Background: Conventional hemodialysis (HD) is associated with profound disturbances in calcium and phosphate metabolism and abnormal parathyroid hormone (PTH) levels. Effects of more frequent HD on calcium and phosphate balance have not been fully elucidated.
Methods: The London Daily/Nocturnal Hemodialysis Study examined effects of quotidian HD, either daily HD (n = 11) or nocturnal HD (n = 12), on calcium and phosphate metabolism, bone alkaline phosphatase levels, and intact PTH (iPTH) levels.
Results: Daily HD patients showed a slight decrease in predialysis serum phosphate levels, no changes in phosphate-binder requirements or serum calcium levels, and slight increases in serum bone alkaline phosphatase and iPTH levels. Nocturnal HD patients showed a trend for decreased predialysis phosphate levels, with significantly lower values than daily HD and matched control patients on conventional HD therapy at several times. Phosphate-binder use by nocturnal HD patients was significantly reduced. Both quotidian HD groups showed decreases in calcium x phosphate product, with significantly lower values for nocturnal HD patients (38.11 mg(2)/dL(2)) compared with daily HD and control patients (53.99 and 52.51 mg(2)/dL(2), respectively) at 18 months. Bone alkaline phosphatase levels increased slightly and attained statistical significance compared with baseline values for both quotidian HD groups. A trend for increases in serum iPTH levels, coupled with increasing levels of bone alkaline phosphatase in nocturnal HD patients, led to the decision to increase the dialysate calcium concentration from 5.0 to 7.0 mg/dL. This 1-time adjustment resulted in a reversal of the trend and a return to baseline values.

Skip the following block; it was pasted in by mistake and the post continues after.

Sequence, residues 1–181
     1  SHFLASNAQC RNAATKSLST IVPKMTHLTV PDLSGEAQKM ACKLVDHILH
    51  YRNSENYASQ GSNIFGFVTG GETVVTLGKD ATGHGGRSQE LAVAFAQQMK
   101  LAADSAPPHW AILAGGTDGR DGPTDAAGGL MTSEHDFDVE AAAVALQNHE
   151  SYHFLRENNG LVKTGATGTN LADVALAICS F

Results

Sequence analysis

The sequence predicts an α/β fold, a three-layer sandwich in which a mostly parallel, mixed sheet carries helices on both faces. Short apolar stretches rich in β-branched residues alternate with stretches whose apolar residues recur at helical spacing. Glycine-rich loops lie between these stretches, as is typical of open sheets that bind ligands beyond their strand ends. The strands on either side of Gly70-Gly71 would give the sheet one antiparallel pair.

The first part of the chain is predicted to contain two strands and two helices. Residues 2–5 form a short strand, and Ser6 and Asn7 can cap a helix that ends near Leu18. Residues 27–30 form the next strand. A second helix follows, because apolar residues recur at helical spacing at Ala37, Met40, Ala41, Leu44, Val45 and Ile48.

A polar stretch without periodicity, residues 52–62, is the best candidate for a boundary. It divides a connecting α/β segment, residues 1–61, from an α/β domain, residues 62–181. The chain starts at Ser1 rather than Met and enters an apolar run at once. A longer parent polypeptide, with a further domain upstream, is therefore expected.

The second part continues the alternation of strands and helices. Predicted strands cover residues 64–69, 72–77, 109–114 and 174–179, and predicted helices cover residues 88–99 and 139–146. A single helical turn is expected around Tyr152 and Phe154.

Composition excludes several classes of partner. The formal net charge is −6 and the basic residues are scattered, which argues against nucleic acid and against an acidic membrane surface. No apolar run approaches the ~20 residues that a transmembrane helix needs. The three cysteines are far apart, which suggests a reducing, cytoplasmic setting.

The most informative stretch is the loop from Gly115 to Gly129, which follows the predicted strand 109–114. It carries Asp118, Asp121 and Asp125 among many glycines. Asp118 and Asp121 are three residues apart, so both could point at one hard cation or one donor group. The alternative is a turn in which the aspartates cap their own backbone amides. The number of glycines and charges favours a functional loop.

Conclusion: This study shows the superior control of serum phosphate levels in nocturnal HD patients compared with daily HD or conventional HD patients and the benefits of dialysate with a greater calcium concentration in slow nocturnal HD.